Consequently, what could be called "shock treatment" is practiced at the Samangkeytamt Vipassanu Center. These unconventional techniques, guarded and handed down by forest masters, are used to assist participants increase their mindfulness. Phra Chayapon proudly says many Christians and Muslims also attend the centre to assist them develop control over their mind-flow, so they can be aware of and overcome the influences of their emotions.

Phra Chayapon explained that people with emotional problems may go to a psychiatrist, who upon consultation may prescribe a drug that inhibits or produces certain neurochemicals that suppress certain feelings. There are often many undesirable side effects from the drugs used to induce these mental states in people. However through chanting and meditation, many positive endorphins can be produced naturally which allow one to have a much healthier state of mind. The advantage of doing this naturally is that through the mind exercises he teaches, people can take their own responsibility for their mental state.

Buddhism is rapidly gaining importance in the developed world, where for example according to 2011 census data, almost 2.5 percent of Australia's population consider themselves Buddhist. Among those not born as Buddhists, there is a growing fascination with Buddhist philosophies. Many are finding the 'wisdom' of Buddhism very alluring. Western devotees gather all around Australia in small groups like the run by the Venerable Bhikkhu Jaganatha, known as Ajarn Jag, ordained in Burma a few years ago, at the Buddhist Society of Victoria in East Malvern. These groups, numbering up to 50 people each night, practice paying homage to the Buddha, chanting, and meditation. There are many seeking an answer to the feeling of some aspect of 'emptiness' in life. Consequently, many attendees are single or divorced, putting effort into meditation and dharma teachings as a means to assist them develop full and happy lives. There is a large therapeutic content within the Buddhism practiced in Melbourne.

The concepts practiced in Australia tend to promote a holistic lifestyle based upon spiritual practices, diet, and exercise like yoga, which conventional religions have failed to provide. This is leading to a new form of secular Buddhism, a philosophy espoused by Stephen and Martine Bachelor, who were once a monk and nun. They now conduct retreats and seminars on a secular approach to Buddhist practice based on the early teachings of the Buddha as found in the Pali Canon all over the world. Stephen Bachelor strongly advocates that a religion should primarily enable people see themselves, think, relate to others, act, and behave in an ethical and fulfilling way. Through meditation and practice of the Eight-Fold path, one can develop personal self-awareness and better deal with the stresses and problems of life.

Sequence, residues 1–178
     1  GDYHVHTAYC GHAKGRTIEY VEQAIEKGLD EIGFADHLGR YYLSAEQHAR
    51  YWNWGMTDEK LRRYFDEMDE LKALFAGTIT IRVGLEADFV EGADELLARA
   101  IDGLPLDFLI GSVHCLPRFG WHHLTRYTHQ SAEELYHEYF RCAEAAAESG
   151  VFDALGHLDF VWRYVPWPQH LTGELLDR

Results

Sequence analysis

So how relevant is Buddhism to therapy?

Since the beginning of the 20th Century, especially after World War II, there has been a growing interest in Eastern philosophy. The teachings of the Abhidhamma Pitaka have inspired and influenced many psychoanalysts and psychologists, including Carl Jung, Erich Fromm, Albert Ellis, Jon Kabat-Zinn and Marsha M. Linehan. There has been a great leap forward in humanitarian and transpersonal philosophical influence in therapy. Dialogue between philosophy theorists and practitioners of East and West has led to mutually influential relationships and new insights into therapies and new schools of thought on both sides. Aspects of Buddhist Dharma are also incorporated in the works of Western philosophers including Caroline A. F. Rhys David and Alan Watts.

There is some evidence that chanting and meditation is beneficial to the brain and can assist in coping with stress. Meditation can assist in lowering blood pressure, meditators have longer attention spans, and even reduce the progress of age related cognitive disorders.

Mindfulness practice and meditation can be seen as a practical, preventative, and empowering method to self manage mental health. This is in stark contrast to the primarily reactive way in taking medications as a corrective approach to suppress psychotic conditions. The Buddhist approach doesn't rely on the use of medical specialists and drugs that strain the costs of national health.

The message from the recent documentary Kumare about Vikram Gandhi, who impersonated an Indian Guru and built a following in Arizona, showed that personal enlightenment and personal wellbeing, is capable from within. People with guidance are capable of managing their own emotions.

The potential exists to lower the number of people on prescribed drugs in society. Mindfulness practice could go some way to lessening societal stress. For some this will work. However general society will tend to remain skeptical, burying this potential within the fringes of mental health policy.

Most probably, society will still remain intent in taking drugs an attempt to relieve stress and dumping the aged with mental deterioration in aged care homes as a solution. Any change would run up against vested interests within these industries. As a result people will continue to suffer through the side effects of prescribed antipsychotic medicines and languish in aged care homes.